Thursday, August 22, 2019

Ancient Egypt News 08/26/2019

Was It Really a Mummy’s Curse?
A handout photo made available by Egyptian Ministry Of Antiquities on July 17, 2019

A slew of mysterious deaths following the opening of King Tut’s tomb prompted one epidemiologist to investigate.

Egyptian pharaoh Tutankhamun’s gold-covered sarcophagus is undergoing its first restoration work since its 1922 discovery. The conservation initiative at the Grand Egyptian Museum in Cairo is addressing the cracks and other deterioration on the delicate coffin of gilded wood. It was just one of the many treasures found in the Valley of the Kings tomb that caused global Egyptomania.

The fascination propelled by the extensive media coverage of the finds in the burial vault of “King Tut” lingers to this day, including the rumors of a supposed curse inflicted on the archaeological team that disturbed the grave.

Papyrus Westcar
Image of Thoth, from the Book of the Dead (2016 Book of the Dead).

Continuing the theme of Egyptian literature, today we’re going to be talking about another ‘classic’ Egyptian story; the Tale of Khufu and the Magicians, also known as Papyrus Westcar.

The Westcar Papyrus (P. Berlin 3033) was (supposedly) found by Henry Westcar, a British antiquarian, in 1823-4. In 1838-9 it was (supposedly) bequeathed to Karl Lepsius, but was found in his attic after his death; there’s a deal of speculation about whether Lepsius did ‘inherit’ the papyrus, or whether it was stolen! The papyrus was viewed as a curiosity, until it was translated into German by Adolf Erman in 1890; since then, it has been re-translated numerous times.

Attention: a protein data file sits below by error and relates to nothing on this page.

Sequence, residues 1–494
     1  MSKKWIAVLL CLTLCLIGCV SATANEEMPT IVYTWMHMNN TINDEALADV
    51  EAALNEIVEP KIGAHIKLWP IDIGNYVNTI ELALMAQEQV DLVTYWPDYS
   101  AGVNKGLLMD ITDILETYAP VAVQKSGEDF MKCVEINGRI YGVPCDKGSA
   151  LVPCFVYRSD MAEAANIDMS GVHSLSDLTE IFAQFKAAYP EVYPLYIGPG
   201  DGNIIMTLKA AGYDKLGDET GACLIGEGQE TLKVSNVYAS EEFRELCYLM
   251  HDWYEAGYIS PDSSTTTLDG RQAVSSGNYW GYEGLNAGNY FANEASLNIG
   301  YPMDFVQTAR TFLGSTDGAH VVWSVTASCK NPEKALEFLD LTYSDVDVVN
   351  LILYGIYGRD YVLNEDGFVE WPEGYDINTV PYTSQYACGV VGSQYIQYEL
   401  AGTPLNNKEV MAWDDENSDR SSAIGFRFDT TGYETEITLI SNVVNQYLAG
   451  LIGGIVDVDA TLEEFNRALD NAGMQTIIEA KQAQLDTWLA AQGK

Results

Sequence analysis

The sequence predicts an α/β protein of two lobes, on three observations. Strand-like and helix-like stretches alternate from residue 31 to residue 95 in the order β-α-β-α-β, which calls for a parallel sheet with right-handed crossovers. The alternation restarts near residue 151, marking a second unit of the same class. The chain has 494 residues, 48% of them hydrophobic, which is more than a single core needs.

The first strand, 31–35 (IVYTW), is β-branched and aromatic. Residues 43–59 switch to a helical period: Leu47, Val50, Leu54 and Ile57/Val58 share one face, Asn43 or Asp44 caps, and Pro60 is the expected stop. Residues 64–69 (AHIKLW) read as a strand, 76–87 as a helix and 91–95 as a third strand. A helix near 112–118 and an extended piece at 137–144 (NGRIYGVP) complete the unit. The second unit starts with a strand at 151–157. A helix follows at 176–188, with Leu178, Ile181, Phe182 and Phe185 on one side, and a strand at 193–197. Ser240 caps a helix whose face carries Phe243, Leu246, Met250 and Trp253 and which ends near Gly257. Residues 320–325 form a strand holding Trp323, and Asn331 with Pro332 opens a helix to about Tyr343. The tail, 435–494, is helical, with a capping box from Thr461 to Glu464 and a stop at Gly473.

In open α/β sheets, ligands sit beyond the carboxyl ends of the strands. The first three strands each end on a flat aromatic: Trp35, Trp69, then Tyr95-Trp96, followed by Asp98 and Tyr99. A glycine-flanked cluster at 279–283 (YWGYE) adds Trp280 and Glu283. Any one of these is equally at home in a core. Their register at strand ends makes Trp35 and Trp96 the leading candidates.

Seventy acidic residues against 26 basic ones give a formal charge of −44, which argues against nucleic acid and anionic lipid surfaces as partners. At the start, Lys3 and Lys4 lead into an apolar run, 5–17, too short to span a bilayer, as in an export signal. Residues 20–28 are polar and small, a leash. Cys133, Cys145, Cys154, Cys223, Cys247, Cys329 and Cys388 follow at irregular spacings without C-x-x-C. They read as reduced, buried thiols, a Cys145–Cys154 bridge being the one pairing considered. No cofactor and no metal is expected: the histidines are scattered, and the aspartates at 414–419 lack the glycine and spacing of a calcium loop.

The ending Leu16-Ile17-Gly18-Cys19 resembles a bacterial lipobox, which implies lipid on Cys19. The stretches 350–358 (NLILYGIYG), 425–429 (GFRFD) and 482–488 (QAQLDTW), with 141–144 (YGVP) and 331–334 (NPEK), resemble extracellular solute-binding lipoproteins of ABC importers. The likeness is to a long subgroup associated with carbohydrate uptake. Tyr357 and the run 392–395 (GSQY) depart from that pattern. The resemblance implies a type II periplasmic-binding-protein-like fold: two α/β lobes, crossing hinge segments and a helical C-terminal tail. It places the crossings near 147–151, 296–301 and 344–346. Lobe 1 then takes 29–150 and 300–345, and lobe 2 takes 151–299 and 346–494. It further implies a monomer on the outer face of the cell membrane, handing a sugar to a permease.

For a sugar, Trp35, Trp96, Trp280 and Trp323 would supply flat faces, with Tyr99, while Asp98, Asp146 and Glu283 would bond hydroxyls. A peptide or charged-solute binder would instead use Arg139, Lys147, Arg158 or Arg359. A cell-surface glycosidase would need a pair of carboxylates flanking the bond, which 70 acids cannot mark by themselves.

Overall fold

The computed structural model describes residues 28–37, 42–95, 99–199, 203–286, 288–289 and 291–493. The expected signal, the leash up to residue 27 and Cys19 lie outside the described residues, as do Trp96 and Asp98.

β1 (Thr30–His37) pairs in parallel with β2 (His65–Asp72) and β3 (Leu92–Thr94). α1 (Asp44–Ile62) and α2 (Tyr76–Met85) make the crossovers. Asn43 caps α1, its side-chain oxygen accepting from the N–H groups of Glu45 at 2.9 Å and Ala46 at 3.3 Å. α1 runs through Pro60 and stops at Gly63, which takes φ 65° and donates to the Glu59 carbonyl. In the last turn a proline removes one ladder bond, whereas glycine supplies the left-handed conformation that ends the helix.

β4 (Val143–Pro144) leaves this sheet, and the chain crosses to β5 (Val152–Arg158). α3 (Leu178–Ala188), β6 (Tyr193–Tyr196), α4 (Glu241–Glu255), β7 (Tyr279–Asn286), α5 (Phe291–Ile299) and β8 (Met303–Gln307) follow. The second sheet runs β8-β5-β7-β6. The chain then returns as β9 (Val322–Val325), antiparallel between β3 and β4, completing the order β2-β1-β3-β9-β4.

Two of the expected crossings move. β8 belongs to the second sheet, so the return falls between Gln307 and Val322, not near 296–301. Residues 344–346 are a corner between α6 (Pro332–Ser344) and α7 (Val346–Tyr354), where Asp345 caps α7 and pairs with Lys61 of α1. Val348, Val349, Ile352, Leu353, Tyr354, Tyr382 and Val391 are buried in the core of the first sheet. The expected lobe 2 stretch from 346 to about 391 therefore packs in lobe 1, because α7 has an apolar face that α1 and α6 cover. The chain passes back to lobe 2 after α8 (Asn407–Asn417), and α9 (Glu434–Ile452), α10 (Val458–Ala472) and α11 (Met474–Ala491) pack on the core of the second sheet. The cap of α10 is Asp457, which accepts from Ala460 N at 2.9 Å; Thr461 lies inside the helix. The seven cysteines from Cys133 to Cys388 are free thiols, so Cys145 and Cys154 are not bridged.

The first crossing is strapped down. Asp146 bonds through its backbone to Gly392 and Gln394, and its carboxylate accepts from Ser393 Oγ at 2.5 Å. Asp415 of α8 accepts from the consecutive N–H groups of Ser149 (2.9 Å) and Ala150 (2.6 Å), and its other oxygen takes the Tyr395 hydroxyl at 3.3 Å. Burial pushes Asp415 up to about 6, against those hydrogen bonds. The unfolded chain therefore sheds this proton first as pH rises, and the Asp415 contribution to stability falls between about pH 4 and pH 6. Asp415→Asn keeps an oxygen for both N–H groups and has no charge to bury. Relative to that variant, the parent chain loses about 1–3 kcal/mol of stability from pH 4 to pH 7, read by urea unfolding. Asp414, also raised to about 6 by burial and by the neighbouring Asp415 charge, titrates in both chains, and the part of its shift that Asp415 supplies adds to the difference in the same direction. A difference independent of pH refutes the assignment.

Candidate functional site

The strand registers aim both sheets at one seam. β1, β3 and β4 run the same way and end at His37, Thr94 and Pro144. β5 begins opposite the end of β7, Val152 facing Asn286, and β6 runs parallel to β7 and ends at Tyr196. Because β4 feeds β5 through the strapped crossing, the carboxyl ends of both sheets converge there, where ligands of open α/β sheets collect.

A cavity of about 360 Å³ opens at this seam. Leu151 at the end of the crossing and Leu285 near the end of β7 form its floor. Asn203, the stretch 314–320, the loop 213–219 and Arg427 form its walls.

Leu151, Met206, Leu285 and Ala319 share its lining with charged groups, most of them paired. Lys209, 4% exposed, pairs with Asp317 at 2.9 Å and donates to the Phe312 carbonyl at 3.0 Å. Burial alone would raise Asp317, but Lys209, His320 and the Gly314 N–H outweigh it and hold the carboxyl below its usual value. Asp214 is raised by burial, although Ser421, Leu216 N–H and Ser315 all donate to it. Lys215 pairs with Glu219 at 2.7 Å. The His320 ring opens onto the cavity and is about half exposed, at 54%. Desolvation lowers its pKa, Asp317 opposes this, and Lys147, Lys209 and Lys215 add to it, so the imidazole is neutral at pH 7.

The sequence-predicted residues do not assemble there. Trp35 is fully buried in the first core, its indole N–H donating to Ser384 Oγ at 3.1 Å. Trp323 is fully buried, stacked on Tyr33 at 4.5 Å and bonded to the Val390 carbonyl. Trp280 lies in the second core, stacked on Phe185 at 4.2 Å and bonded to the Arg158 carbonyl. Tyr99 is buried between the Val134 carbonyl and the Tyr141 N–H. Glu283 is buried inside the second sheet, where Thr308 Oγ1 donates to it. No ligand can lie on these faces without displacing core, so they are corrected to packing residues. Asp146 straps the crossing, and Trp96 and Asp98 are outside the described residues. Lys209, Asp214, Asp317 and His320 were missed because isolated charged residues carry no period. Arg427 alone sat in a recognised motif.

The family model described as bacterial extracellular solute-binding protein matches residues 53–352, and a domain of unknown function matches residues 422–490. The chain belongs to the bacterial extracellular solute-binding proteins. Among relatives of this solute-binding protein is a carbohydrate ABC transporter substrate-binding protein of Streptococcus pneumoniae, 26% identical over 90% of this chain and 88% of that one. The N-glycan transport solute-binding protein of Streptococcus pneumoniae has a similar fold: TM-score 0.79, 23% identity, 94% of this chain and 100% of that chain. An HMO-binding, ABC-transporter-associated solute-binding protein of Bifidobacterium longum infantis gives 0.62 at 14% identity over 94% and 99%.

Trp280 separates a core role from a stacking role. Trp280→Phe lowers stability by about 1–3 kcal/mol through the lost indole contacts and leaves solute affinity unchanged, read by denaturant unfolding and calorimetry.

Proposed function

Prague’s National Museum Opens Large-Scale Tutankhamun Multi-Media Exhibit
Photo via

Prague’s National Museum, in association with Civita Mostre e Musei, will open a new exhibit on August 21st, as part of a project to commemorate 100 years of Czech Egyptology. Tutankhamun RealExperience offers visitors a unique opportunity to learn more about the famed pharaoh by combining original artifacts with innovative multimedia technologies.

World’s Largest Mummy Exhibit Headed to Pittsburgh

The largest collection of real mummies and related artifacts ever assembled is headed to Carnegie Science Center in October.

“Mummies of the World: The Exhibition” features 125 real mummies and related artifacts from across the globe, and will open Oct. 5 in the science center’s PPG Science Pavilion.

The exhibition will provide a window into the lives of ancient people from Europe, South America and ancient Egypt, offering unprecedented insights into past cultures and civilizations. Guests will see dramatic displays of the mummies and their personal stories, as well as state-of-the-art multimedia stations presenting a 4,500-year journey to explore the mummies’ history and origins as well as how they were created.

Why Was Sigmund Freud So Obsessed with Egypt

The rituals, the mummy wrappings, the hieroglyphs and the partly animal deities was like a thesaurus of the unconscious mind, as this new show at the Freud Museum demonstrates.

The Best Movies Based On Ancient Egypt

Ancient Egypt is one of the founding civilizations of the world as we know it. Going back 5,000 years, it is also one of the most mysterious, with a complex belief structure that involved a strange mixture of the scientific and supernatural. It’s a civilization that made incredible steps forward in scientific discovery – so great that some believe the Ancient Egyptians must have had a little outside assistance.

That alone sounds like the basis of a great movie. However, the big surprise is that unlike in the world of gaming, where gamers play Book of Dead and dozens of other Egyptian-themed slots, the movie world does not boast as many titles on this enthralling era as you might expect. Nonetheless, in the spirit of scientific and cinematographic research and advancement, we have narrowed down a handful that you really shouldn’t miss. How many of these classics have you seen?

How Tourism Trails Give a Modern Take on Egyptian Heritage

Tourism trails are allowing tourists to discover Egypt in a new light. Visitors can now follow the footsteps of the ancient Egyptians.